This is also a time when your family life may be changing. “It’s time to refocus on yourself and think about what’s next in your life,” said Van Sloun. Don’t overlook the emotional and spiritual components of health. “Maintaining social connections and having a sense of purpose is important to your health. If your focus has been on your kids or your job and that’s changing, you may need to cultivate new interests.”

Fifties and beyond

As we age and after we go through menopause, we are at higher risk for many diseases. At the same time, women are living longer after menopause. These are two important reasons to maintain a healthy lifestyle and a healthy weight.

While women tend to focus on breast cancer, heart disease is a much bigger threat. “As much as 80 percent of heart disease can be prevented through modifying our lifestyles,” said Van Sloun.

With a longer life expectancy, you want to age well, said Van Sloun. “Investing now in eating an optimal diet, staying active and learning how to handle stress will reap benefits as you get older.”

 

Nancy Van Sloun, MD, sees patients at Penny George Institute for Health and Healing – West Health in Plymouth. For appointments, call 612-863-3333.

 


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Live well, live happy: how exercise increases happiness

Even a small amount of exercise can make a difference in your happiness and health.

Even a small amount of exercise can make a difference in your happiness and health.

By Mary Farrell, MS, PCC

This is part five in a LiveWell blog series on happiness that launched with “Live well, live happy” in January.

I am excited to share more great news about happiness. As noted previously, most happiness comes not from our circumstances, but from how we think and what we do given our circumstances.

Recently my mother has experienced joint inflammation and pain. She had to cut back on activities, including running around with her grandchildren. I was able to recommend to her a supervised, gentle exercise program. After just a few weeks, she is moving better and is also experiencing a shift in her mood. Her confidence has grown, she feels more hopeful and optimistic, and the return of her joyous laughter makes everyone around her smile.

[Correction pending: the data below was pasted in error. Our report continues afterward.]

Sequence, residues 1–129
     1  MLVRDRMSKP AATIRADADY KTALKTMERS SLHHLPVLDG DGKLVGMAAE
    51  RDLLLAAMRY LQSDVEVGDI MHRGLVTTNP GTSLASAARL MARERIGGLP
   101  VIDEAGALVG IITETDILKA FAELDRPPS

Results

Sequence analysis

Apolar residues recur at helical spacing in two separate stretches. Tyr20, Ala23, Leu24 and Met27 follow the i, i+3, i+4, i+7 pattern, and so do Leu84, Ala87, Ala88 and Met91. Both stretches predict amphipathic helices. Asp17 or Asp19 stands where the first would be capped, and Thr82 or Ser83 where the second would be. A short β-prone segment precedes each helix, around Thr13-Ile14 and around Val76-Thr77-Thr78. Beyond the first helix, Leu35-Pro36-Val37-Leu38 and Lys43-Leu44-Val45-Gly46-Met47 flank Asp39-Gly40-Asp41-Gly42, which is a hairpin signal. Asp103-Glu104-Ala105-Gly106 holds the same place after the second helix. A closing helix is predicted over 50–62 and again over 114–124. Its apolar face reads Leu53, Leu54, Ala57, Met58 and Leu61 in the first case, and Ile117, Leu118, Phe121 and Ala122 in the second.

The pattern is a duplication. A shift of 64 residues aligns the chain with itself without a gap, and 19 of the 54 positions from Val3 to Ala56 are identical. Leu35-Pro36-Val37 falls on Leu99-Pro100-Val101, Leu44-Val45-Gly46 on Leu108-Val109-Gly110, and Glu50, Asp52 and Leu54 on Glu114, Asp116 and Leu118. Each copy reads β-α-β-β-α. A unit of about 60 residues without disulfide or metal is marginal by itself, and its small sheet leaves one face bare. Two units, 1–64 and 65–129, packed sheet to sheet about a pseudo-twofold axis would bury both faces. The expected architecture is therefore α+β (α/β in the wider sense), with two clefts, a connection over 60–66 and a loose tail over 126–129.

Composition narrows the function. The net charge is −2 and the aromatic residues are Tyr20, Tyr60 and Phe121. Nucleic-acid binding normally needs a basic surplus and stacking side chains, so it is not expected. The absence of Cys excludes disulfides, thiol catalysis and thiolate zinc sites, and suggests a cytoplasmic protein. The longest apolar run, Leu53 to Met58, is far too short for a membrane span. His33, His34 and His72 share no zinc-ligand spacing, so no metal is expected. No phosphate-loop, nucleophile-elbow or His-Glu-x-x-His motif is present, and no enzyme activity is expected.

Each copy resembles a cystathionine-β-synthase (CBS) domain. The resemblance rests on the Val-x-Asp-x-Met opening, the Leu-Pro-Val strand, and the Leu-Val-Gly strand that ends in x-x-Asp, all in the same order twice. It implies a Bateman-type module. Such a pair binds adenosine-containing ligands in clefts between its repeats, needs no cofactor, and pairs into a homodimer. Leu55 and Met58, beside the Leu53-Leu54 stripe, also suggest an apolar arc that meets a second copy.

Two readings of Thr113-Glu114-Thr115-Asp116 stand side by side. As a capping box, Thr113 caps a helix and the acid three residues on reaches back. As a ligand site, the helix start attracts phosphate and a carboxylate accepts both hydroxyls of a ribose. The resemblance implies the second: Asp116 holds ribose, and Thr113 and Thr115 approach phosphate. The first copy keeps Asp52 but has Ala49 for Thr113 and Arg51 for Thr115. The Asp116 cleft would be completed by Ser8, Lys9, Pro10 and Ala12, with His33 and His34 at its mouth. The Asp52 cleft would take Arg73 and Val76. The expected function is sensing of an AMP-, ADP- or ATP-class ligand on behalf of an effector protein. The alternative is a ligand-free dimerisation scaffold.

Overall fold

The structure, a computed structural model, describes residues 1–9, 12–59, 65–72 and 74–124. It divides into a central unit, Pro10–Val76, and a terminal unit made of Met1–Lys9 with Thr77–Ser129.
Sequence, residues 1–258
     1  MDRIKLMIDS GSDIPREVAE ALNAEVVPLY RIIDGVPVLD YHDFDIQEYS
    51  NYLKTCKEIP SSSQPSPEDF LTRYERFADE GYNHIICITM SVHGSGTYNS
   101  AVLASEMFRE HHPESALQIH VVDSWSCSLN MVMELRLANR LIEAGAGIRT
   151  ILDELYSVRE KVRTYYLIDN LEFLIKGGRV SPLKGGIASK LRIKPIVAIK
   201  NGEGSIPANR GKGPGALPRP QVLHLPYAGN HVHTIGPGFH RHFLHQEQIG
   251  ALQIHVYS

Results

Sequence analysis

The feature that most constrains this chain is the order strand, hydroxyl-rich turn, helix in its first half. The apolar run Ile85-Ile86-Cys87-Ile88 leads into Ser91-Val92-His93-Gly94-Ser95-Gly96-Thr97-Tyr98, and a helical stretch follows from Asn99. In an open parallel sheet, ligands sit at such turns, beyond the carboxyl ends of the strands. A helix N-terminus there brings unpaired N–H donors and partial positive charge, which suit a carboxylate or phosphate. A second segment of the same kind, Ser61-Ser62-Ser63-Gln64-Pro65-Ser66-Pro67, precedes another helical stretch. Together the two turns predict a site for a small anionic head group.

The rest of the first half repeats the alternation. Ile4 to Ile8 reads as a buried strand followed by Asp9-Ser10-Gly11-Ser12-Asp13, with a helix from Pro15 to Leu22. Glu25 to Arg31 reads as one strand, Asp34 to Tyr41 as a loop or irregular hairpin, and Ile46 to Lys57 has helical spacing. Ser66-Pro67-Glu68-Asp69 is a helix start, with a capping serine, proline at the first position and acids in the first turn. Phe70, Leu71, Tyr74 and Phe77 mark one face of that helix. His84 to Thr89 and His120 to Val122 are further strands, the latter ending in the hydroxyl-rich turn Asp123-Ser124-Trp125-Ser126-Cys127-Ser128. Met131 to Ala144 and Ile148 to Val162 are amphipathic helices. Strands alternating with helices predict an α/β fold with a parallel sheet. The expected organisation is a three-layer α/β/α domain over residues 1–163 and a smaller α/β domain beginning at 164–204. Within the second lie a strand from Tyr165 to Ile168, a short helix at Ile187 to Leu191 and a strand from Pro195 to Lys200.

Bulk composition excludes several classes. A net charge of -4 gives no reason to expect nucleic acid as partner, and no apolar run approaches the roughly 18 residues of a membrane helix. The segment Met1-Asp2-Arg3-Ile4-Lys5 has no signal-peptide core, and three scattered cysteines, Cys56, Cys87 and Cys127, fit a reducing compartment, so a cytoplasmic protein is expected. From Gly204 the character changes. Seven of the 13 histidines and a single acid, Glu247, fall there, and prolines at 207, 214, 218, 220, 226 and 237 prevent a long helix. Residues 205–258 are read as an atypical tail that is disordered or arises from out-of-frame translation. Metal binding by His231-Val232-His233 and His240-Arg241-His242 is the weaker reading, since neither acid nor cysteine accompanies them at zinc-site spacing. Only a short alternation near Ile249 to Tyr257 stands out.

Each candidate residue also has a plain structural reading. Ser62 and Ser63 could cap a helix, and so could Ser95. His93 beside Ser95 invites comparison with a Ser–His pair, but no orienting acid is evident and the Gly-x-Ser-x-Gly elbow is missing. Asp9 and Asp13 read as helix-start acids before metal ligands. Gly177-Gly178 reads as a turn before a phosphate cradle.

My mother is experiencing what Sonja Lyubomirsky describes in her seminal publication, “The How of Happiness.” She says “exercise is the single best thing that you can do to improve your happiness.”

Documented benefits of activity include:

  • Enhanced ability to manage stress—Exercise releases norepinephrine, a chemical that moderates the body’s stress response.
  • A boost in “happy chemicals”—Exercise releases endorphins, which produce a feeling of happiness and euphoria. Additionally, exercise can alleviate symptoms of depression and anxiety and can sometimes be just as effective as anti-depressants in treating depression.
  • A profound positive effect on your brain—Exercise helps create new brain cells and protects certain brain structures, thereby sharpening memory and focus, and preventing cognitive decline.
  • Improved self-confidence and self-esteem.
  • Increased focus, creativity and energy.

Despite these benefits, you may still have obstacles to building more movement into your life. These tips may help.

  1. Fill in the blank: “I’m too ________ to exercise.” Is it busy? Tired? Old? Overwhelmed? Understanding your primary barrier will help you to work through it.
  • If you are too busy, what is the smallest amount that you could do?
  • If you are tired, experiment with just a bit of activity and see if you get an energy boost.
  • If you are prone to black and white thinking, i.e. “unless I am running, I may as well not bother,” know that research overwhelmingly shows the benefit of even a small amount of movement.
  1. Understand your exercise personality and preferences.
  • Do you love the great outdoors or prefer the climate-controlled comfort of your home?
  • Do you crave time alone or do you do best when with others?
  • Do you prefer joining a class or sports team, or is it easiest to weave in movement during your day?
  1. Start slow, be gentle and build gradually.

Even if it has been a while since you’ve been active, it is never too late to start, or restart. Here’s to happiness through movement!

Mary Farrell, MS, PCC, is an integrative health & wellness coach and an exercise physiologist with the Penny George Institute for Health and Healing’s LiveWell Fitness Center. Call 612-863-5178 to make an appointment with her.

Past entries by Mary Farrell in the “Live well, live happy” series: